You can make many criticisms of Labour, and its own very thin plans for governing the country, but at least the words “industrial strategy” have passed Keir Starmer’s lips. He seems to understand, at least in principle, that government has the ability and a duty to build economic resilience, shore up the material basis of the economy by securing energy and food, and create domestic supply chains capable of surviving global events and responding to crises. 

It would be impossible for an opposition leader to look bad in the face of such a flimsy and cynical budget, and Starmer did better than that. But whilst he recognises the scale of the problem, he is light on the specifics of his answer. It’s incredibly unclear how Labour can hope to revive the economy whilst it remains committed to Net Zero by 2030, or deal with the housing and cost of living crisis when it has no clear policy or target for reducing migration. 

The scale of the problems facing the country are tremendous, and now require solutions of proportionate boldness. Massive investment in Britain’s declining cities and regions was the promise of Levelling Up — instead they have seen table scraps. 19 councils have approached the government for exceptional financial assistance, Nottingham and Birmingham councils have declared themselves effectively bankrupt. 

We’re often told we’re experiencing labour shortages, and historically low unemployment (3.8 per cent), but in real terms over 20 per cent of the working age population is economically inactive. Much of that population is in receipt of benefits, such as the now six million people claiming disability, a rise of over two million over the past 20 years. And despite claims of Tory economic rigour and welfare reform, more than half of households in 2023 (54.2 per cent, comprising over 36 million people) — paid less tax than they received in benefits. 

The threadbare flag-waving of the Tory right is a thin veil for a parliamentary party thoroughly wedded to individualism. On this government’s watch, social trust has declined, the bonds of solidarity have dissolved, and free riders, from dubious benefits claimants to rentier capitalists living off of passive income, have relentlessly exploited the system. 

The task of rethinking and renewing the British state and economy is too important to be left to a single party

The challenge of reversing this situation is formidable, and is spiritual and social as much as economic and political. The start of restoring trust is reviving democracy, and bringing decisions closer to ordinary people. The collapse of local government is just the end of a long road of technocratic rule from Whitehall, and power, especially tax raising power, must be devolved to regions and cities evenly and consistently — not piecemeal and by treasury largesse. 

No less vital are forms of work that are dignified and stable. This means, necessarily, both a revival of manufacturing and industry, as well as the professionalisation of many trades and skilled work, as is typical in countries like Germany. Not only would this reknit the social fabric and provide much-needed certainty to families and workers, but it is crucial to unlocking a higher wage economy in which fewer families are net dependents on the state.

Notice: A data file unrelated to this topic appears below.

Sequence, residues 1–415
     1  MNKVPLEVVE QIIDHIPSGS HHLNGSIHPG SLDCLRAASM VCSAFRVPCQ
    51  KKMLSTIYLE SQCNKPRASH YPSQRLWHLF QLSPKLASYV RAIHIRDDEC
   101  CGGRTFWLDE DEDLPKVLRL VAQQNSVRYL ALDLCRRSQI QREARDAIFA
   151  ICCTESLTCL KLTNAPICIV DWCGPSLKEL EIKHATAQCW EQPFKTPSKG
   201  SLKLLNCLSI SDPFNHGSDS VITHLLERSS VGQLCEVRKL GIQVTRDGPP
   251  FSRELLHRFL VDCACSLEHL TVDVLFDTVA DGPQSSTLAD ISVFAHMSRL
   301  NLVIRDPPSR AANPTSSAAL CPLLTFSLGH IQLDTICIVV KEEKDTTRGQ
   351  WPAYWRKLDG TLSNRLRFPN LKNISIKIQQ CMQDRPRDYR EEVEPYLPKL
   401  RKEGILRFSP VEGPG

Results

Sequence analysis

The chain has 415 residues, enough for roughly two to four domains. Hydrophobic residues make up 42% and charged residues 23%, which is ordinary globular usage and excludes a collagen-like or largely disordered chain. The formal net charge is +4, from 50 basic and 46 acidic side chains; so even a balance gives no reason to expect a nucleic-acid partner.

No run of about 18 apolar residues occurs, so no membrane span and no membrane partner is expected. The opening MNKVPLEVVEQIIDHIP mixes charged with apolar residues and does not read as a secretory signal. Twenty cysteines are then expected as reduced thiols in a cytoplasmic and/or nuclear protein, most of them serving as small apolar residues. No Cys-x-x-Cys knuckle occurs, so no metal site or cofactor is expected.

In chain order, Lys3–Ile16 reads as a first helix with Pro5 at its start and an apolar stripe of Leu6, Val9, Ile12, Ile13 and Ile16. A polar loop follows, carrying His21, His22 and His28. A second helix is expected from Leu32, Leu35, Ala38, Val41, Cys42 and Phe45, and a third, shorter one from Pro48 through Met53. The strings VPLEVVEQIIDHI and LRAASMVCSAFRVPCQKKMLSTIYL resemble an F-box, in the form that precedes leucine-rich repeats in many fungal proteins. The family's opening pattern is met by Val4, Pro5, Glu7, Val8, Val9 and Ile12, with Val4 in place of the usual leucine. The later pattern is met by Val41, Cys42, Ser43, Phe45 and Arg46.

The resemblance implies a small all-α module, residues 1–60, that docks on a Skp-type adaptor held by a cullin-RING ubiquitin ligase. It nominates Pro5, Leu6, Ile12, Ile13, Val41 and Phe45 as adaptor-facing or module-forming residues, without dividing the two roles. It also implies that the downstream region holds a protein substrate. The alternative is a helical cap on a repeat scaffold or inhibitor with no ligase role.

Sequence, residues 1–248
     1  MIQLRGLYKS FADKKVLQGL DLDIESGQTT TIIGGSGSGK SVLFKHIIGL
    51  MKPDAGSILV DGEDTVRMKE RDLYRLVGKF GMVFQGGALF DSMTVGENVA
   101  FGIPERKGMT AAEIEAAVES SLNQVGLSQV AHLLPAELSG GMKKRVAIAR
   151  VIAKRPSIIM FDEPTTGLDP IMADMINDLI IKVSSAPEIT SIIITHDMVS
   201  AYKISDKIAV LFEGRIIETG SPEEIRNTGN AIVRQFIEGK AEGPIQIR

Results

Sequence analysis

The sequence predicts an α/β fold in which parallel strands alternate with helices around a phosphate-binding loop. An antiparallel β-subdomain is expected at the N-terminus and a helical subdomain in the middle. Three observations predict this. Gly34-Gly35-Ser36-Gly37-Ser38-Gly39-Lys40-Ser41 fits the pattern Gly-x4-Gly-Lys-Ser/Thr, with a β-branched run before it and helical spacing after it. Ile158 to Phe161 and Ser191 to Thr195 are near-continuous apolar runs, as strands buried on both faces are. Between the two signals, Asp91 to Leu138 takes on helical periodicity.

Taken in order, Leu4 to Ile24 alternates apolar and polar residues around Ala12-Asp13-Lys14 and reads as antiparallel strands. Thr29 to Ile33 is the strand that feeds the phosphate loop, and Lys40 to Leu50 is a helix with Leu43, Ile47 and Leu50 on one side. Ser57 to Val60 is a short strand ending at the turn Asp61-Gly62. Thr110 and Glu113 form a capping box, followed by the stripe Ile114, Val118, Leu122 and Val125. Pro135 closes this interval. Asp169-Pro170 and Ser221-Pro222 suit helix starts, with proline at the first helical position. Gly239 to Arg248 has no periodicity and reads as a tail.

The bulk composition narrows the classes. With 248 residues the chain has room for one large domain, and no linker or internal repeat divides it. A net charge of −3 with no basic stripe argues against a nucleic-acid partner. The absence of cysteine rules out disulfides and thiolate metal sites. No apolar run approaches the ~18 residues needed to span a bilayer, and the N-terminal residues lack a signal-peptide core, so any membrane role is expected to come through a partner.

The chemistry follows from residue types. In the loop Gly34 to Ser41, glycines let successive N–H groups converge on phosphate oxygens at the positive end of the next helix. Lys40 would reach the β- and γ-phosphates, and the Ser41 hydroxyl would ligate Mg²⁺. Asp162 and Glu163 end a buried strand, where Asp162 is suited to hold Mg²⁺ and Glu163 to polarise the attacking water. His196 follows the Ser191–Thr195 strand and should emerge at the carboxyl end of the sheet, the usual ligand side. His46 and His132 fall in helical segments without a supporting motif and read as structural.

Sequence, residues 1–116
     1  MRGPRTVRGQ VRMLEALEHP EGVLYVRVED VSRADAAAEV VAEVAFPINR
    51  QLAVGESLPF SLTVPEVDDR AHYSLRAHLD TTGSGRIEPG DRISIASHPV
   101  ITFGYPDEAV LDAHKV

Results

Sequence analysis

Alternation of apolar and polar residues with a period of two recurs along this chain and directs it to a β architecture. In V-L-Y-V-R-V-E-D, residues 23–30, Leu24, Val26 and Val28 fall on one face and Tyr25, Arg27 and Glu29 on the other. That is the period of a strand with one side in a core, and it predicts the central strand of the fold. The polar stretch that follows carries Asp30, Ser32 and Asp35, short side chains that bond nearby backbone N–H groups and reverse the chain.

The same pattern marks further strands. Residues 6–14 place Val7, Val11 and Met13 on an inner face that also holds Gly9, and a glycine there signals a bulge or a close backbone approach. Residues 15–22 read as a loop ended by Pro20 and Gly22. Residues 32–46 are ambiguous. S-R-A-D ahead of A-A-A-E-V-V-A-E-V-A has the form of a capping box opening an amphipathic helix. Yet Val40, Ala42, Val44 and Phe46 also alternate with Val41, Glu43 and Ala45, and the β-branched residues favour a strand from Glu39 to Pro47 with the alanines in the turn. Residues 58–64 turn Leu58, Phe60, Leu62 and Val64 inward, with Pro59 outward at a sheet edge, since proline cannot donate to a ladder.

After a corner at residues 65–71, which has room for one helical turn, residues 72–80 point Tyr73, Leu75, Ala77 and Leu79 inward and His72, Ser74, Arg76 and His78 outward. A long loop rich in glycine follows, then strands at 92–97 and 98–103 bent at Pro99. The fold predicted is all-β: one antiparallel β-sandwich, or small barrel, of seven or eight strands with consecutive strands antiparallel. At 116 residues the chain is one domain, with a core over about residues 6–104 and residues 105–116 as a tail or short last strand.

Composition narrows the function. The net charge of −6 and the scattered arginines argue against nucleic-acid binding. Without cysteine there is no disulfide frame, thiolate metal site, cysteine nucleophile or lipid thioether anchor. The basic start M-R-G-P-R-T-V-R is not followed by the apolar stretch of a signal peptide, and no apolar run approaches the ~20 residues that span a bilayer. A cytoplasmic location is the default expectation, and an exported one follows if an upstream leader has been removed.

Any hope of giving people dignified lives, and reviving social cohesion, is impossible so long as housing is scarce, expensive and cramped. It must be made easier to build homes, but they must also be larger, better quality, and attractive. Necessarily, more housing needs to be built in the areas people want to live and work in — namely London and the South East. But as well as regulating supply, demand must be managed by creating more jobs across the country, limiting migration numbers, and making it harder for overseas buyers to purchase housing. 

All of these necessary, urgent areas of policy require an approach that no major party has thus far countenanced. To be sold politically, and made to work in practice, requires a patriotic, confident political movement. Equally, it demands a rethinking of the role of the British state away from a managerial colossus, and into something both leaner and more interventionist, with much of the welfare state devolved locally, whilst large scale infrastructure projects, industrial strategy, security and energy policy take centre stage at the national level. 

Needless to say, it is far too late for Sunak’s government to take such an approach now. It is not too late, however, for a potential Labour government, or a future Tory opposition. The task of rethinking and renewing the British state and economy is too important to be left to a single party, or even Westminster and Whitehall as a whole. If Keir Starmer wishes to make his bold and truthful response to today’s budget a real governing project, it must be on a grander scale than any since Thatcher’s.